Conventional JSATS transmitters are available in a variety of sizes, weights, and pulse rate intervals (PRIs) to accommodate a range of fish sizes, study durations, and study objectives. The smallest conventional transmitter capable of meeting the specified power output (not less than +153 dB (re: 1 μPa @ 1 meter)) and minimum run times in solicitation number W9127N-10-R-0038 (3 second PRI: 20 days, 5 second PRI: 30 days, 7 second PRI: 40 days and 10 second PRI: 60 days), according to http://jsats.pnl.gov/SystenComponents/AcousticTransmitters.aspx, measures 12 mm long×5 mm wide×4 mm high, weighs 0.43 g (in air), and has an estimated tag life of 20-84 days (depending on the PRI; See Table 1 below). The largest, longest-lasting transmitter weighs 1.1-1.2 g and has an estimated tag life of 237-330 days. Transmitters used in 2008 were manufactured by Advanced Telemetry Systems.
TABLE-US-00001 TABLE 1 Specifications of 2008 JSATS acoustic transmitters. Dimensions Weight in air PRI Estimated tag life (mm) (L × W × H) (g) (s) (d) 12 × 5 × 4 0.43 3 20 5 32 10 84 13 × 6 × 4 0.55-0.60 7 95 10 121 13 × 6 × 7 0.83 7 127 10 161 14 × 7 × 7 1.00 7 190 10 242 18 × 8 × 7 1.10-1.20 7 237 10 330
There is a continuing desire to reduce the size and/or weight of the transmitter, while maintaining or improving the desirable output and/or life characteristics.
 The disclosed invention provides for a transmitter having a reduced size that meets or exceeds the output and life characteristics of conventional transmitters described above. According to one aspect of the invention, the transmitter is powered by a single 1.5V battery rather than two 1.5V batteries in series as has been previously required in the conventional transmitters. According to another aspect of the invention, the previously required transformer needed to power the transmitter's ultra-sonic piezo transducer has been eliminated. According to a further aspect of the invention, transmitter components are maintained inside of an enclosed housing having a volume of less than 115 mm2. In yet a further aspect of the invention, the transmitter has a dry weight of approximately 280 mg (for Flex PC boards) or 300 mg (for rigid PC boards). Any one or more of these aspects provide for a lighter and smaller transmitter while meeting or exceeding output power and transmitter life requirements. For example, a transmitter according to certain aspects of the invention has an activated life (@ 5 sec PRI) of at least 35 days. An activated life (@ 3 sec PRI) of at least 23 days is also achieved. Further aspects, features and advantages of the present invention will be apparent from the disclosure, including drawings, herein.
 The above summary is not intended to limit the scope of the invention, or describe each embodiment, aspect, implementation, feature or advantage of the invention. The detailed technology and preferred embodiments for the subject invention are described in the following paragraphs accompanying the appended drawings for people skilled in this field to well appreciate the features of the claimed invention. It is understood that the features mentioned hereinbefore and those to be commented on hereinafter may be used not only in the specified combinations, but also in other combinations or in isolation, without departing from the scope of the present invention.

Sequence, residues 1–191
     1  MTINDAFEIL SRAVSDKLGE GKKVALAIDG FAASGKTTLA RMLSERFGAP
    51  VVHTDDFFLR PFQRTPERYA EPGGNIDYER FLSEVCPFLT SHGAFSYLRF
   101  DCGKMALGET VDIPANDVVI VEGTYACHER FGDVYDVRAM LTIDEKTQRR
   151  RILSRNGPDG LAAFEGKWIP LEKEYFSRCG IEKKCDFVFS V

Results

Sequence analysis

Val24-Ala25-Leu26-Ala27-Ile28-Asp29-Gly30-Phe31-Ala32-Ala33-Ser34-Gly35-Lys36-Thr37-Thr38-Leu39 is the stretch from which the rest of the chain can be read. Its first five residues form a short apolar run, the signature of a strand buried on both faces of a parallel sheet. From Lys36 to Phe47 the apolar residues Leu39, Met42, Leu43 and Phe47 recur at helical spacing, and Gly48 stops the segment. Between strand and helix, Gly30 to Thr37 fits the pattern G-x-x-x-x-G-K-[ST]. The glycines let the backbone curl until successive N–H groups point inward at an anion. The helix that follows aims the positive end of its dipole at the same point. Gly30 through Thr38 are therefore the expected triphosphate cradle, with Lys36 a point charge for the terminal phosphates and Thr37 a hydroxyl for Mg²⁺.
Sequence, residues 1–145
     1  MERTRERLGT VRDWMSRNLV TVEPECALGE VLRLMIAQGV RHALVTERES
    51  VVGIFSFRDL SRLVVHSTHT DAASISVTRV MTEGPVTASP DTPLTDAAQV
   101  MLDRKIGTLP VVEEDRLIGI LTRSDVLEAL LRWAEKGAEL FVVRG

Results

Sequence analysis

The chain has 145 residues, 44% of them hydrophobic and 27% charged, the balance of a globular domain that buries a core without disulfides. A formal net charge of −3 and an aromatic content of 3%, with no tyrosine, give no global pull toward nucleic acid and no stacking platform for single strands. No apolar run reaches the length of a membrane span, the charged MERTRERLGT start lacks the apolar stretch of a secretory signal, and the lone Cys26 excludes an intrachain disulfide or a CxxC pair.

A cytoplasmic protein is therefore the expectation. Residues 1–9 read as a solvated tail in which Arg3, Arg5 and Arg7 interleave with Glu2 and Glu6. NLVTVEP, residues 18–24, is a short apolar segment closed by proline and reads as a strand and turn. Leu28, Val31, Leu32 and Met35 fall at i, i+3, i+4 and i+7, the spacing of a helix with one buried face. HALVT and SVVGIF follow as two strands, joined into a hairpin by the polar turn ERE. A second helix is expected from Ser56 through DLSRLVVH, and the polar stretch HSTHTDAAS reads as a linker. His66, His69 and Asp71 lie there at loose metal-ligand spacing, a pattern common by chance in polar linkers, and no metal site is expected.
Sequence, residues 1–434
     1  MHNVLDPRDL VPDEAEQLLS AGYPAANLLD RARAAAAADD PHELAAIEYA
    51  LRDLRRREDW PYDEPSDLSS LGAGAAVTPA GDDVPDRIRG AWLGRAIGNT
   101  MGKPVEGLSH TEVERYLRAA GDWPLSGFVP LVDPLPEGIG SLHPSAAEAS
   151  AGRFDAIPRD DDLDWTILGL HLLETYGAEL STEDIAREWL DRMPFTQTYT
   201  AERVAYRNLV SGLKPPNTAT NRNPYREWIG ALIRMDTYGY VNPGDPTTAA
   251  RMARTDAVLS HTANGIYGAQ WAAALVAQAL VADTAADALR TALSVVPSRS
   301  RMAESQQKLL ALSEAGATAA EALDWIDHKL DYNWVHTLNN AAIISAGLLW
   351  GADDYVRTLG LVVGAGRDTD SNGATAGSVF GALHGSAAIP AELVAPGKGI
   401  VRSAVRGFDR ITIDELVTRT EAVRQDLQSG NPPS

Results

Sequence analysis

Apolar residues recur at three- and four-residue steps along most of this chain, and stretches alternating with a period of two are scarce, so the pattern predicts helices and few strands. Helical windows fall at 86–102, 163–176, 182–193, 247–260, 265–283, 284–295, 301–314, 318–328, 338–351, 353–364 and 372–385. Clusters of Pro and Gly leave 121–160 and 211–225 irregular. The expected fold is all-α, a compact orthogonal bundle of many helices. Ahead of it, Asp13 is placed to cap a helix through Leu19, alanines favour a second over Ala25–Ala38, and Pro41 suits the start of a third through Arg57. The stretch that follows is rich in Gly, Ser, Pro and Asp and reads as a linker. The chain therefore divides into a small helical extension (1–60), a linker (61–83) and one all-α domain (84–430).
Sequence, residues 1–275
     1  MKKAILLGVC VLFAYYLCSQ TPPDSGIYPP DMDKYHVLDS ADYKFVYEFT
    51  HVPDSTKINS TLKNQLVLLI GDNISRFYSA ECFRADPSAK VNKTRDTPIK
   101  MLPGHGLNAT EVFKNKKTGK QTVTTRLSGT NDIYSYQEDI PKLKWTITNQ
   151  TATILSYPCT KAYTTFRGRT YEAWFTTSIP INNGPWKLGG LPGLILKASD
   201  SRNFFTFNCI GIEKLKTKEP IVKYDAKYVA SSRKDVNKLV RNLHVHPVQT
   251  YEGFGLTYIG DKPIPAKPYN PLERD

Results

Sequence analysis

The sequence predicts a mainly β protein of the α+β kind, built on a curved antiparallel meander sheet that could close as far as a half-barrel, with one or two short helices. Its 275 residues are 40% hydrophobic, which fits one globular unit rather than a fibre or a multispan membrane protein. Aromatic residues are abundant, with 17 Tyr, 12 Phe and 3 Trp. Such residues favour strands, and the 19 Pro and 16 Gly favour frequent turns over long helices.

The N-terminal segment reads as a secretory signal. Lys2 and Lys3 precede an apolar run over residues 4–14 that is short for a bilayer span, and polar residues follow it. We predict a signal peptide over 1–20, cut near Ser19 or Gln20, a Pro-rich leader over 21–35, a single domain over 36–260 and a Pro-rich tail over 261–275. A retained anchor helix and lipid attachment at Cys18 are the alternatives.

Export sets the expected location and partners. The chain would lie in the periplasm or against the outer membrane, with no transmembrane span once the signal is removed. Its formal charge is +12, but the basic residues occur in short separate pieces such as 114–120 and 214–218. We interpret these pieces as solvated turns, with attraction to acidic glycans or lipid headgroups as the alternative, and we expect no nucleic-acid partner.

BRIEF DESCRIPTION OF THE DRAWINGS
 FIG. 1 is a top view and
 FIG. 2 is a side view of a transmitter according to an example embodiment showing some of the components therein.
 FIG. 3 is a top view and
 FIG. 4 is a side view of a transmitter according to an example embodiment showing some of the components therein.
 FIG. 5 is an electrical schematic of a transmitter according an example embodiment.
 FIG. 6 is a top view partial assembly drawing of a transmitter according to an example embodiment.
 FIG. 7 is a bottom view partial assembly drawing of a transmitter according to an example embodiment.
 FIG. 8 is a drill drawing of a transmitter according to an example embodiment.
 FIG. 9 is an electrical schematic of a transmitter according an example embodiment.
 FIG. 10 is a top view partial assembly drawing of a transmitter according to an example embodiment.
 FIG. 11 is a bottom view partial assembly drawing of a transmitter according to an example embodiment.
 FIG. 12 is a drill drawing of a transmitter according to an example embodiment.
 In the following descriptions, the present invention will be explained with reference to various example embodiments; nevertheless, these example embodiments are not intended to limit the present invention to any specific example, embodiment, environment, application, or particular implementation described herein. Therefore, descriptions of these example embodiments are only provided for purpose of illustration rather than to limit the present invention. The invention is to cover all modifications, equivalents, and alternatives falling within the scope of the invention as defined by the appended claims
 Referring to FIGS. 1-2, the transmitter 100 comprises a case 102 defining an interior volume. Disposed within the interior volume is a transducer 104 electrically connected to a battery 106 and certain electrical components on a circuit board 107. Further details on the board components and their connectivity will be described below and in the appended FIGS. 1-12.